Before and after his surrender at Saratoga, writes Aram Bakshian Jr., Burgoyne had a lively career as a commander in Europe, a politician and dramatist in London, and a figure on the social scene.
The Yugoslav coup of 1941 marked a turning-point in the Second World War. Although the country was quickly overrun by German arms, writes A.W. Palmer, Hitler’s timetable for the invasion of Russia was seriously thrown out.
‘We shall never see his equal in any age’, wrote Madame de Sévigné of this simple and heroic soldier. By Aram Bakshian Jr.
After the last great victory of the English longbow at Flodden, writes Charles Chenevix Trench, three centuries of experiment passed before an accurate long-ranged firearm was devised.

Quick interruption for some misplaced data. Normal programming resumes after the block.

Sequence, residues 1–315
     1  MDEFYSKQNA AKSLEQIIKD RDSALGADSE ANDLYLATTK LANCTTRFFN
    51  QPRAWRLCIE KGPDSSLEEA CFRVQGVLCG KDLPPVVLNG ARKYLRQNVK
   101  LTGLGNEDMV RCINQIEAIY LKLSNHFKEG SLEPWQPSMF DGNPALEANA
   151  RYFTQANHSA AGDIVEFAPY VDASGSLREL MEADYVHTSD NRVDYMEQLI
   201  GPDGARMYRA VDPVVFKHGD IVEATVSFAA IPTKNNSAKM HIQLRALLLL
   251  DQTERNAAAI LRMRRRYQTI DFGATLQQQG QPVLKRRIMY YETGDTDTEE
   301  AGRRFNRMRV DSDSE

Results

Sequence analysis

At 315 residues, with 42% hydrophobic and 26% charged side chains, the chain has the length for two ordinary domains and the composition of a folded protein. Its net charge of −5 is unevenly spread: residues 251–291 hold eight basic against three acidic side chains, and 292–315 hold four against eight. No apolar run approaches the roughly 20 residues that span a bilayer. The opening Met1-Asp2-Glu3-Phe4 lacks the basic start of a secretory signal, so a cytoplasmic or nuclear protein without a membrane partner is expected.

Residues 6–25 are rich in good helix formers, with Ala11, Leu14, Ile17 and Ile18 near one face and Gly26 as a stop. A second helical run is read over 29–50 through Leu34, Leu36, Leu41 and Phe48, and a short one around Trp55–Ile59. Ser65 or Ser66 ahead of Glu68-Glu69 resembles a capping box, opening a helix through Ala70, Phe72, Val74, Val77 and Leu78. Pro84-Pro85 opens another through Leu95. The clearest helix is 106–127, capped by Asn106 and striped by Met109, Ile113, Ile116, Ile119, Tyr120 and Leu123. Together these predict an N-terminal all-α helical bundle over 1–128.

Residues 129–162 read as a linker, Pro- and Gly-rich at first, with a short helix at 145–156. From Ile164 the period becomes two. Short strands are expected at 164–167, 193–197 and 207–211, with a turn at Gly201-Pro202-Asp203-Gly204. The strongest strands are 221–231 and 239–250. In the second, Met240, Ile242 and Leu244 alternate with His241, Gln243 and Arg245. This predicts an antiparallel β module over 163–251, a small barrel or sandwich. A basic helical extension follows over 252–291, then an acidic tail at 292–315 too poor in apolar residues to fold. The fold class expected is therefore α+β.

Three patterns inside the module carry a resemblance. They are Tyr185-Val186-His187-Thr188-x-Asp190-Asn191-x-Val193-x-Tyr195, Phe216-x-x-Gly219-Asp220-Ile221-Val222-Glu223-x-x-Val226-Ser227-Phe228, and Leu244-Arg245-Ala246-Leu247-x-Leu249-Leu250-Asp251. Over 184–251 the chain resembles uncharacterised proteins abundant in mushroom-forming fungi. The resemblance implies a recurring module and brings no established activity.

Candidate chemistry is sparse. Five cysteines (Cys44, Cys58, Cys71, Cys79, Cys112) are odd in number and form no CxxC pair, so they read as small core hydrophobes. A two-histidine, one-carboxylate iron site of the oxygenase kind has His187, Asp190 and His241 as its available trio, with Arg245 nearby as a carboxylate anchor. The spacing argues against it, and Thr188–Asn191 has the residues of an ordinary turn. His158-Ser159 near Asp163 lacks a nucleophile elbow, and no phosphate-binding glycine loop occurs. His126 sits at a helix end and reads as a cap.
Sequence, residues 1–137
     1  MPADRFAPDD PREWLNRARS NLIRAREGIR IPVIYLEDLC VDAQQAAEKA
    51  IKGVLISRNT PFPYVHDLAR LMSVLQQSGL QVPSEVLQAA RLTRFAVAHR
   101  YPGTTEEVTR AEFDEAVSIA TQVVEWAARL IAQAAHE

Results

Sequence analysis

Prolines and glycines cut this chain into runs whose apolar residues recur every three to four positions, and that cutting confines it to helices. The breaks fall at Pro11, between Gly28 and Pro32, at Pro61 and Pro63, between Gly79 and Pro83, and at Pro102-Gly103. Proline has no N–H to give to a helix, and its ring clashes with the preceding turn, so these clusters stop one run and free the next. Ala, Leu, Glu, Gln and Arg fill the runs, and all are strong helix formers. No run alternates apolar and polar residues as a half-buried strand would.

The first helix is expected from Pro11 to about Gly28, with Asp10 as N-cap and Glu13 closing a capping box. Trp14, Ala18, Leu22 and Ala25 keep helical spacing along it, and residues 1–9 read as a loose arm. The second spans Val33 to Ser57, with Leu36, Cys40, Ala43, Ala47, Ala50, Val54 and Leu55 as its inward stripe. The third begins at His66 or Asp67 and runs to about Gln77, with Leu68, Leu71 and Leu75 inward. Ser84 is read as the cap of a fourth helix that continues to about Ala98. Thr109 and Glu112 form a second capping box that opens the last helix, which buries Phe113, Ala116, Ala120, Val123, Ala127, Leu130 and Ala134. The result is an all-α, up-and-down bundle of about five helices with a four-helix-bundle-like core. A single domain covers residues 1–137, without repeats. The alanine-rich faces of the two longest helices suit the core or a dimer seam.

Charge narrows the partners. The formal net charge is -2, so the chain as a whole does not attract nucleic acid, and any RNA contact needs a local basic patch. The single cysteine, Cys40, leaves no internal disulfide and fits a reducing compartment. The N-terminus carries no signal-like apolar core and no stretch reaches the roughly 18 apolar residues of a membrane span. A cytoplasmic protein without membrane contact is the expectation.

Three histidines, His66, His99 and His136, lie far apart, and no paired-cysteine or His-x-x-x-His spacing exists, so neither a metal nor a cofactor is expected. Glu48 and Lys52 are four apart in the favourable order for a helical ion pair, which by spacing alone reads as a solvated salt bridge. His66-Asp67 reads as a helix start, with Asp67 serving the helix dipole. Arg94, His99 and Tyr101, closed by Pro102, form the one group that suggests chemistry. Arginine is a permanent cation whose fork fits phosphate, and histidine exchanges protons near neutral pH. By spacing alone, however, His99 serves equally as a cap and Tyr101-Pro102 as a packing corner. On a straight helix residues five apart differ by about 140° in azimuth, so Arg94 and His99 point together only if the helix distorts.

During the War of the Spanish Succession, writes David H. Kennett, the Austrian commander marched westward from the Alps across Italy to win a remarkable battle.
According to a famous military historian, Sahagun was ‘perhaps the most brilliant exploit of the British Cavalry’ during the whole course of the Peninsular Wars. By D.G. Chandler.
D.G. Chandler describes how the National Army Museum, Chelsea, was officially opened in 1971.
Ronald Lewin offers his study of the German Commander as one of the ‘Great Captains’ of war.
Admired by Haig and Lloyd George, General Monash was one of the most capable commanders on the Western Front during the First World War, writes John Terraine.
Amid the disasters of the first Afghan War, writes James Lunt, the successful defence of Jellalabad, beyond the Khyber Pass, stands out as a well-deserved battle-honour.